A function is one-to-one if it never assigns two input values to the same
output value. That is

∀x, y ∈ A, x = y → f (x) = f (y)

or, equivalently,
∀x, y ∈ A, f (x) = f (y) → x = y
(These two versions are equivalent because they are the contrapositives of
one another.)
In these two versions of the deﬁnition, notice that when you choose x and
y, they don’t have to be diﬀerent (math jargon: “distinct”) values. In normal
English, if you give diﬀerent names to two objects, the listener is expected
to understand that they are diﬀerent. By contrast, mathematicians always
mean you to understand that they might be diﬀerent but they might be the
same object.
For example, let g : Z → Z be deﬁned by g(x) = 2x. g is one-to-one.
But remember our function s that mapped CS 173 instructors to the ﬁrst

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letter of their names. It’s not one-to-one because Margaret and Mike share
the same output value M.
Another classic example of a function that’s not one-to-one is the absolute
value function |x|. Or, it’s not one-to-one if the domain is the reals or the
integers. It is one-to-one if we restrict the domain to the natural numbers.
If we pick a value y ∈ B, then x ∈ A is a pre-image of y if f (x) = y.
Notice that I said a pre-image of y, not the pre-image of y. For a one-to-one
function like g, each element of the co-domain has exactly one pre-image. But
this isn’t true for functions that aren’t one-to-one. For example, the value
M has two pre-images under the function s (i.e. “Margaret” and “Mike”).

5     Images and Onto
Suppose we have a function f : A → B. If x is an element of A, then the
value f (x) is also known as the image of x. The image of f is the set
Im(f ) = {f (x) : x ∈ A}
f is onto if its image is its whole co-domain. Or, equivalently,
∀y ∈ B, ∃x ∈ A, f (x) = y
For example, our function from instructors to ﬁrst letters of names isn’t
onto, because its image is the set {E, M, L, A, R, P, Y, C} which is nowhere
near all the letters of the alphabet.
Suppose we deﬁne f : Z → Z by f (x) = x + 2. This function is onto. If
we pick any integer y, let x be y − 2. Then f (x) = f (y − 2) = (y − 2) + 2 = y.
Now suppose we deﬁne g : N → N using the same formula g(x) = x + 2.
g isn’t onto, because the values 0 and 1 have no pre-images.
Warning: whether a function is onto or one-to-one depends on
how we’ve declared its domain and co-domain. When we’re discussing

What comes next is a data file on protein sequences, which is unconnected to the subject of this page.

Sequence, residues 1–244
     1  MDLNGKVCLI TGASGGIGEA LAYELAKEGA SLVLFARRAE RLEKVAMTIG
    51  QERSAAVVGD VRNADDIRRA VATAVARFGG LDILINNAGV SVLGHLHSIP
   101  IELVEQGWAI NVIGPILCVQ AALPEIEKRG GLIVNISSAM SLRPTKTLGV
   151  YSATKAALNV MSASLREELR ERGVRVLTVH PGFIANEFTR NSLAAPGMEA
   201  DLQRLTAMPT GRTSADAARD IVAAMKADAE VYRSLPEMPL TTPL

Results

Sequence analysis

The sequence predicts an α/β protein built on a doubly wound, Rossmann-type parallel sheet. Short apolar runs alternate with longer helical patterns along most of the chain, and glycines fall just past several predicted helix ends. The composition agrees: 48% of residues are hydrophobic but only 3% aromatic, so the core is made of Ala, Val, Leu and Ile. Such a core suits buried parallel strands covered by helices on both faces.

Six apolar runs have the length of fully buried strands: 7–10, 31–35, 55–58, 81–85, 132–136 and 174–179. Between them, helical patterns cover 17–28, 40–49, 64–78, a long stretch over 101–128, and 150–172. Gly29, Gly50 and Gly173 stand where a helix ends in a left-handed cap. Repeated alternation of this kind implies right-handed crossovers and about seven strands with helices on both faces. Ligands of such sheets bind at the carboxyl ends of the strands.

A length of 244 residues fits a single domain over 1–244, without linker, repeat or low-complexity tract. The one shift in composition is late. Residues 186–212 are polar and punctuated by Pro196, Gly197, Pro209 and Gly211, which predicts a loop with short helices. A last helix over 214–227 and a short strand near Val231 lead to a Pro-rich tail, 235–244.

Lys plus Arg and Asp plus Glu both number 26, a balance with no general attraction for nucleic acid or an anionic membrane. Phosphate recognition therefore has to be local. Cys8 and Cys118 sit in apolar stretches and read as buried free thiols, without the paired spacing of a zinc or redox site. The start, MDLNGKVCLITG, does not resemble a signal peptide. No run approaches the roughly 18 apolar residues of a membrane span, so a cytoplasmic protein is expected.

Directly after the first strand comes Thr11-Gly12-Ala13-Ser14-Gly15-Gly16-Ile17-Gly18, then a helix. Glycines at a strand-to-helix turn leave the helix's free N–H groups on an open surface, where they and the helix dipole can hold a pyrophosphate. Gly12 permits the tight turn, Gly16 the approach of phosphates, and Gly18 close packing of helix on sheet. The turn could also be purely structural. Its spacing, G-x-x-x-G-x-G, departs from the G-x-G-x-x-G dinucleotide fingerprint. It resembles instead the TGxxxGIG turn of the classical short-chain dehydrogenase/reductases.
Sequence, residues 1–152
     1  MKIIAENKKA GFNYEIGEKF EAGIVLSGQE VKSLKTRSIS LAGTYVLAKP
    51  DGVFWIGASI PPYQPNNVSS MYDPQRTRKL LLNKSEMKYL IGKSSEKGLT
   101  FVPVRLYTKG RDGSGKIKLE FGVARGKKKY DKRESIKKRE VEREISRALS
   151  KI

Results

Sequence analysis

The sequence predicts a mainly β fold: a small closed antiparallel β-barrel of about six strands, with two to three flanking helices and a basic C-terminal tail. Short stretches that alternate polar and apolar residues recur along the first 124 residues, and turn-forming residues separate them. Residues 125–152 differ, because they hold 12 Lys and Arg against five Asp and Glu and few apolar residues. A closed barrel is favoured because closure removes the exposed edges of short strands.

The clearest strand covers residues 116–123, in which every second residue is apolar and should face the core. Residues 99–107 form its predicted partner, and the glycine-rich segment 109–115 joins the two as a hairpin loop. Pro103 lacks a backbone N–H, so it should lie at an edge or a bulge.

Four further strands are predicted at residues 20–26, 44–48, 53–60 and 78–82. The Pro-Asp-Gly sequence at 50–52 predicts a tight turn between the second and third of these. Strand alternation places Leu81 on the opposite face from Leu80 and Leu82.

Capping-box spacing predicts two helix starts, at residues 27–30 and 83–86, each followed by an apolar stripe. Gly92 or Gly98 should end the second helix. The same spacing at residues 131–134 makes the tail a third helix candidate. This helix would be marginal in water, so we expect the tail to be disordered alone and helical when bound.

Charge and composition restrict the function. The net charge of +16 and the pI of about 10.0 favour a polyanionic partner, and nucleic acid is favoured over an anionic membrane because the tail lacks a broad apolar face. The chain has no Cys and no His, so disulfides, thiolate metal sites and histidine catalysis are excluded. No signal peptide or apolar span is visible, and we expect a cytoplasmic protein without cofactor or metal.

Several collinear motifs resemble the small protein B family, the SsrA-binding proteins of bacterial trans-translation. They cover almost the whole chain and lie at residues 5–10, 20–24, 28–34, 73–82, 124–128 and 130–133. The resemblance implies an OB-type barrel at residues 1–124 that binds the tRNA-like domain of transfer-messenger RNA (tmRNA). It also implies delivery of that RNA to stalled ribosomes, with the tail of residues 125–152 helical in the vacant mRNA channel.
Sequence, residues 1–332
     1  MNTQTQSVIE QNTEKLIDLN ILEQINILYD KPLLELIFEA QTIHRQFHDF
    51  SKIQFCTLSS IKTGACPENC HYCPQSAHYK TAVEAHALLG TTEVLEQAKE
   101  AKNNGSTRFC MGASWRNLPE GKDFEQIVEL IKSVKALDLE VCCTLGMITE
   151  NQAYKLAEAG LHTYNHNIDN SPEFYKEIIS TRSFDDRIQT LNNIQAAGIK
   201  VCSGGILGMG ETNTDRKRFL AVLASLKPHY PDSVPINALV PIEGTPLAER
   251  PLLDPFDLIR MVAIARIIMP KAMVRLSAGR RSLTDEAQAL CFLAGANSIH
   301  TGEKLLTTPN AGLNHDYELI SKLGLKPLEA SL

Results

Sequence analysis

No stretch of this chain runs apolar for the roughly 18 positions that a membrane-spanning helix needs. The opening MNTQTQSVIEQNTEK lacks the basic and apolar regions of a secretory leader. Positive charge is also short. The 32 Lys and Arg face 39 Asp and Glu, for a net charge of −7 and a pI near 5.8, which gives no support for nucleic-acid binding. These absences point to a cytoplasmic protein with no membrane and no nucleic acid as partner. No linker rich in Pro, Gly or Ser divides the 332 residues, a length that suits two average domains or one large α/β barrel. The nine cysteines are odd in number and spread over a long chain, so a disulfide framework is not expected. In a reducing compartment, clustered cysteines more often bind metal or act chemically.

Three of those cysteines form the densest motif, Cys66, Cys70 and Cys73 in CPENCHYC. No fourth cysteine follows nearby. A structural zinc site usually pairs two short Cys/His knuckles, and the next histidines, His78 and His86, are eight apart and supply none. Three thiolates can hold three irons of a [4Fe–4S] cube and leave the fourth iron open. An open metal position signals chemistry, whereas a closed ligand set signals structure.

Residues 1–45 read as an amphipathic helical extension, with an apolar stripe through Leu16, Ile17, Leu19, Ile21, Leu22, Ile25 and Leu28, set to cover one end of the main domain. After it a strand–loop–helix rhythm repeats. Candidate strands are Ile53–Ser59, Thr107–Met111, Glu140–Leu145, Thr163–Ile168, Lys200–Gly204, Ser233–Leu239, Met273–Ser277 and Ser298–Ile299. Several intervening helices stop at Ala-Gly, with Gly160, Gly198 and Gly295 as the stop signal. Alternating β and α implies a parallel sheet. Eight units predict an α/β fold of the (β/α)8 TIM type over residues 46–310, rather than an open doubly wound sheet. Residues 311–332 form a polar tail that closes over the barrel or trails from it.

these properties, it is absolutely critical to declare the input/output types
for all the functions you are using.

6     Warning about variations in terminology
It used to be that people used the term “range” to refer to the co-domain.
(Ask the class how many have seen it called that.) However, formal math-
ematics has standardized on the term “co-domain” for the declared set of

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possible output values for the function. When the term “range” is used, it is
as a synonym for “image,” i.e. the actual output values produced when you
feed in all possible input values. (Rosen uses “range” with this meaning.)
We’ll try to stick carefully to the newer convention in this class. But be
aware that older authors and authors outside math/CS may use the terms
diﬀerently.
The terms “injective” and “surjective” are fancy synonyms for one-to-one
and onto. No more and no less. A function that is both one-to-one and onto
is called a “one-to-one correspondence” or a “bijection.” It’s important to
get used to both versions of each term, because individual mathematicians
often alternate, even within a single lecture.

7     Inverting functions
Notice that one-to-one and onto are like the two properties required to be
a function (each input gets at most one value, each input gets at least one
value), except that they go in the opposite direction. So if a function f is
both one-to-one and onto, we can deﬁne the inverse function f −1 which goes
in the opposite direction. That is, if f : A → B then f −1 : B → A and
f −1 (y) = x if and only if f (x) = y. Because f is one-to-one and onto, this
deﬁnition picks out one and only one output value x for each input value y.

8     Negating expressions with multiple quan-
tiﬁers
Let’s use our deﬁnition of onto as an excuse to think about negating formal
statements containing more than one quantiﬁer. Our deﬁnition was:

∀y ∈ B, ∃x ∈ A, f (x) = y
So a function f is not onto if

¬∀y ∈ B, ∃x ∈ A, f (x) = y

To negate this, we proceed step-by-step, moving the negation inwards.
You’ve seen all the identities involved, so this is largely a matter of being
careful.

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¬∀y ∈ B, ∃x ∈ A, f (x) = y

≡ ∃y ∈ B, ¬∃x ∈ A, f (x) = y

≡ ∃y ∈ B, ∀x ∈ A, ¬(f (x) = y)

≡ ∃y ∈ B, ∀x ∈ A, f (x) = y

So, if we want to show that f is not onto, we need to ﬁnd some value y
in B, such that no matter which element x you pick from A, f (x) isn’t equal
to y.

7